Why did the Kodak leaders make such a mistake? Why did they insist on trying to grab the vanishing low-profit business when other companies had a technological advantage?
“In jurisprudence, we call this position a bird that likes to fly backwards. It is more pleasant for her to look where she was, than where she flies, ” said Dan Aleph, author of the biography of Kodak founder George Eastman.
Looking back, Shih, former vice president of Kodak, believesthat “a company could try to compete with opportunities, not with the markets in which it was represented,” as Fujifilm did, but “this would mean giving up a great franchise. Business schools are taught no such logic, and it would be difficult for the leaders of the company to come to terms with it. ”
The head of Fujifilm agrees with this, and puts in the first place the causes of the fall of Kodak inertia. “This company was the first for so long,” he said, adding that “and this led to the fact that it slowly adapted to change. From the outside, it seemed that in the depths of their hearts Kodak simply did not want to change. ”
Fujifilm, on the contrary, has always been a candidate in the shadow of Kodak, has learned to be bold and innovative, in order to narrow the gap with the historical leader. Her corporate culture had to be more courageous and willing to take risks. For example, in the 1980s, Fujifilm opened factories in the United States and dared to challenge Kodak's marketing empire in its backyard, winning the title to sponsor the 1984 Los Angeles Olympics.
Winston Churchill once said that "Winners always write history." Analysis based on the crisis is an enjoyable exercise, and many consultants and business educators love to mention Kodak as an example of poor leadership. But the story is also based on unforeseen circumstances. As part of its bankruptcy plan, Kodak sold the Ofoto photo sharing website for less than $ 25 million in April 2012. In the same month, Facebook bought Instagram for $ 1 billion. In the alternative universe, Ofoto could be the leading online photo-sharing platform.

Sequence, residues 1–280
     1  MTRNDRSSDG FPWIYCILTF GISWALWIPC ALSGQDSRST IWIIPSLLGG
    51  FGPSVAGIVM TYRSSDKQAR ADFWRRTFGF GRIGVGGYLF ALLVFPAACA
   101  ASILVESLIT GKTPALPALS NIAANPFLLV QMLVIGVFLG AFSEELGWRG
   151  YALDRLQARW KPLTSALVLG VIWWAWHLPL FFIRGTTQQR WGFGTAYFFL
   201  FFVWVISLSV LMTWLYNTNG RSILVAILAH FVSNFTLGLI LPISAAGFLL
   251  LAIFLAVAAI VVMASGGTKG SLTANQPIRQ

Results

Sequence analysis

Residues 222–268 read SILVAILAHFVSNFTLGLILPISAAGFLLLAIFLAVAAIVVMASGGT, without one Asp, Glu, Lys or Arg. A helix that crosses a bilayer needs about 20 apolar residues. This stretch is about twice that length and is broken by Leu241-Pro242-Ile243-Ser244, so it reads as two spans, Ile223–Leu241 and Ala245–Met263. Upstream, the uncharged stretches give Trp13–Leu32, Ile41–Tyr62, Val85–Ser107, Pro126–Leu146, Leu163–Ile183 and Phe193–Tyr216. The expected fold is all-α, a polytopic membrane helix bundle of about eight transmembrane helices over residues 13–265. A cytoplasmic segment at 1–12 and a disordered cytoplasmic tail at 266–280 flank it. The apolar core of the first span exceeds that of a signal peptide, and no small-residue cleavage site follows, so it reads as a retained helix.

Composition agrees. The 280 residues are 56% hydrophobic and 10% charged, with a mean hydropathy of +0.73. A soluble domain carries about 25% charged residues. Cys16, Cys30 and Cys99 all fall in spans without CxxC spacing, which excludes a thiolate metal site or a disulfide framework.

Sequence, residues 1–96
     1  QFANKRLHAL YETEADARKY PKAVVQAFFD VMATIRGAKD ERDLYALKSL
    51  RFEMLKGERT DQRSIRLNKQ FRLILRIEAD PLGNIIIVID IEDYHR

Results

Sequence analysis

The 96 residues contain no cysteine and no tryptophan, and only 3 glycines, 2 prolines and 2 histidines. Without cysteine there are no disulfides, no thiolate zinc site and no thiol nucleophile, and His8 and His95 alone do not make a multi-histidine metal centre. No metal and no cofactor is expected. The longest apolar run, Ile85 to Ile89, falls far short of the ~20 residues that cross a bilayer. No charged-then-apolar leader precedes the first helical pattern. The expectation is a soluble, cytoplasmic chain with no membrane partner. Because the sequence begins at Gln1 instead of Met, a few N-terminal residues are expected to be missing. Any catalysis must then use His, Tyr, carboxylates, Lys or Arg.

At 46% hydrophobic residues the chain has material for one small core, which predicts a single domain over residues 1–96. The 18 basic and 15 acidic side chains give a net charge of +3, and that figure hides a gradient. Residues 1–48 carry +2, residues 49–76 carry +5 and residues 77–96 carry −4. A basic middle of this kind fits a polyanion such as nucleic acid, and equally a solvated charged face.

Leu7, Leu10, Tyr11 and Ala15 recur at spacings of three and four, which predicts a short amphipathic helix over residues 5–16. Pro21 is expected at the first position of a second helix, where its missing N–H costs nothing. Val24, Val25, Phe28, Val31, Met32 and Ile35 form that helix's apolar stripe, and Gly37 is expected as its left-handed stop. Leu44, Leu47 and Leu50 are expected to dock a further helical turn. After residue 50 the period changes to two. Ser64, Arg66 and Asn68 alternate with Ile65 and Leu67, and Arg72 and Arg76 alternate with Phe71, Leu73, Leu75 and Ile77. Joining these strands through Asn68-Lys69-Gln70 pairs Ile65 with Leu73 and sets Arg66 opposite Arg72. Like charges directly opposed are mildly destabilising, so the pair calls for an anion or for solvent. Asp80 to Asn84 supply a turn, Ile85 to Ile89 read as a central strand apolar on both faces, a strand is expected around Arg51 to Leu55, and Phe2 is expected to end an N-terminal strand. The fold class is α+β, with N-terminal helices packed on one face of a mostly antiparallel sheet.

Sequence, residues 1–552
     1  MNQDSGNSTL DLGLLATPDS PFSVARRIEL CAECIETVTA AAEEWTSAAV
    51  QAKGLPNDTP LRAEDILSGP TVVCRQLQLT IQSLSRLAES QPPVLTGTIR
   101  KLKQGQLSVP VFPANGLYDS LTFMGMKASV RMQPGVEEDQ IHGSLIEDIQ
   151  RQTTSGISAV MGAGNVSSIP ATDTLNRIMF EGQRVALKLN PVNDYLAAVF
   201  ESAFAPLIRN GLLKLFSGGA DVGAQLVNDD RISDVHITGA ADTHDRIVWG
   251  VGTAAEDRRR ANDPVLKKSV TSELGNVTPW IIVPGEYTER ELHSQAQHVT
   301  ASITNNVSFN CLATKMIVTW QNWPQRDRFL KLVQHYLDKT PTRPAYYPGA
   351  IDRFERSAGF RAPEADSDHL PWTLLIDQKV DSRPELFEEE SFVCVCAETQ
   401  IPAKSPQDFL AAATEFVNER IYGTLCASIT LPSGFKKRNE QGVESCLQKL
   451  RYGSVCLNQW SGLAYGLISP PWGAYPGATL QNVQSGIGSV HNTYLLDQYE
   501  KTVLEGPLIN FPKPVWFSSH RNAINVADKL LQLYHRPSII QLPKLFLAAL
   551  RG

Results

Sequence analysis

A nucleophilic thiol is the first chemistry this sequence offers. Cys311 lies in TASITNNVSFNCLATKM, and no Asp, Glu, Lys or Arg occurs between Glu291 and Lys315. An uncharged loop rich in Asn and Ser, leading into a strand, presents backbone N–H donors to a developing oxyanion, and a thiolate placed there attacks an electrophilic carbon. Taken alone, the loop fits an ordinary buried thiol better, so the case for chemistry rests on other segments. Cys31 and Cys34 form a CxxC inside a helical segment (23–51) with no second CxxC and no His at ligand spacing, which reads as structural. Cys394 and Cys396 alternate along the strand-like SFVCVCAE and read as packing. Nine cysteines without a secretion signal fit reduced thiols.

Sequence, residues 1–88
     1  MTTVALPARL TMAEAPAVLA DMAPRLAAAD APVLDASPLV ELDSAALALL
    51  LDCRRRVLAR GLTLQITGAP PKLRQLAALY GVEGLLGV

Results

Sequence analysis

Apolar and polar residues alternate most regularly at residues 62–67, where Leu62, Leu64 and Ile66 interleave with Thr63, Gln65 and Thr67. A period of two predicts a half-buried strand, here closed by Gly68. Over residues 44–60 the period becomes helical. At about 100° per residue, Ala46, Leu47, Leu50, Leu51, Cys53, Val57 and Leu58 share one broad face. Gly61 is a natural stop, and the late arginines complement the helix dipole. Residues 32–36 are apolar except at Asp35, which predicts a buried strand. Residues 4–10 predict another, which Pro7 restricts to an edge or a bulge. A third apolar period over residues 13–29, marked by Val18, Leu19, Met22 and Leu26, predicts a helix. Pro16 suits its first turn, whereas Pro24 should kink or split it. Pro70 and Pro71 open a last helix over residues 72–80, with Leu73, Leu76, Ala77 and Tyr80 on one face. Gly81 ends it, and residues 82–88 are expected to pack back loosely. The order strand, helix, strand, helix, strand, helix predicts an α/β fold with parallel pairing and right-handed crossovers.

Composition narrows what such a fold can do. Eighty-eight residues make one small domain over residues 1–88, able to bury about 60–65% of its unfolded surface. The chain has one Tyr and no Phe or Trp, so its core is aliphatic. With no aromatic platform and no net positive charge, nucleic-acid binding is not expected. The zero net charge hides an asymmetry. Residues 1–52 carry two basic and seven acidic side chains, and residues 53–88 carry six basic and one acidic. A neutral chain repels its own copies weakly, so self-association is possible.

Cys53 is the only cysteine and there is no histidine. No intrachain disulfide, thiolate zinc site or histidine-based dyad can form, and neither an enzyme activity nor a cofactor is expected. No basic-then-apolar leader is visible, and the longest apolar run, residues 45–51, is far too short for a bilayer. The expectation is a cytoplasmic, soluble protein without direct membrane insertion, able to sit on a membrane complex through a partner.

For Apple, exactly the opposite is true. Who today remembers how this elite company was recently on the verge of bankruptcy? In 1997, after 12 years of financial losses, Microsoft and Steve Jobs came to the rescue. Microsoft, worrying about not becoming a monopoly without a competition with Apple, invested $ 150 million in it. Today, a company worth a trillion dollars was about to disappear.
But, despite all the attempts, the leaders of Kodak, Fisher, Karp and Perez were not Steve Jobs, and the story was not on their side. Being in the center of events when the company was losing billions of dollars, its directors did everything they could. In his book, the head of Fujifilm talks about leadership and says that the second leader "uses a bamboo sword, and the first one uses a steel sword."
Komori meant that when directors fight “with steel swords, losing means dying,” since their decisions have strategic implications that affect future companies. They can not afford to make mistakes. He recalls how he decided to organize a serious investment in the FUJITAC business, which produces a film for LCD screens, when no one was sure that the plasma technology , which did not require a film, would not win the LCD race. Not being sure of the outcome, he decided to launch four LCD film production lines, while his managers wanted to start with one.
Komori remembers many of his “sleepless nights”, but diversification required courage and decisive action. History was on his side, and this bold step, typical of Fujifilm philosophy, justified itself. Today, FUJITAC controls 70% of the world market.
Some saythat Kodak made a mistake that George Eastman, its founder, avoided twice when he left a profitable business of producing photoplates, switching to films, and when he invested in color film, when she was clearly losing in black and white (Kodak dominated the market) . However, with the advancement of the digital era, the question was not to evolve in the same industry, but to make a revolution: to give up the shitty production of digital photographs and use their achievements to diversify in other markets.
Unlike Fujifilm, Kodak was unable to accomplish this vital revolution. When George Eastman committed suicide in 1932 at the age of 77, he left a note saying "My work is finished." But this time, the work at Kodak was not finished.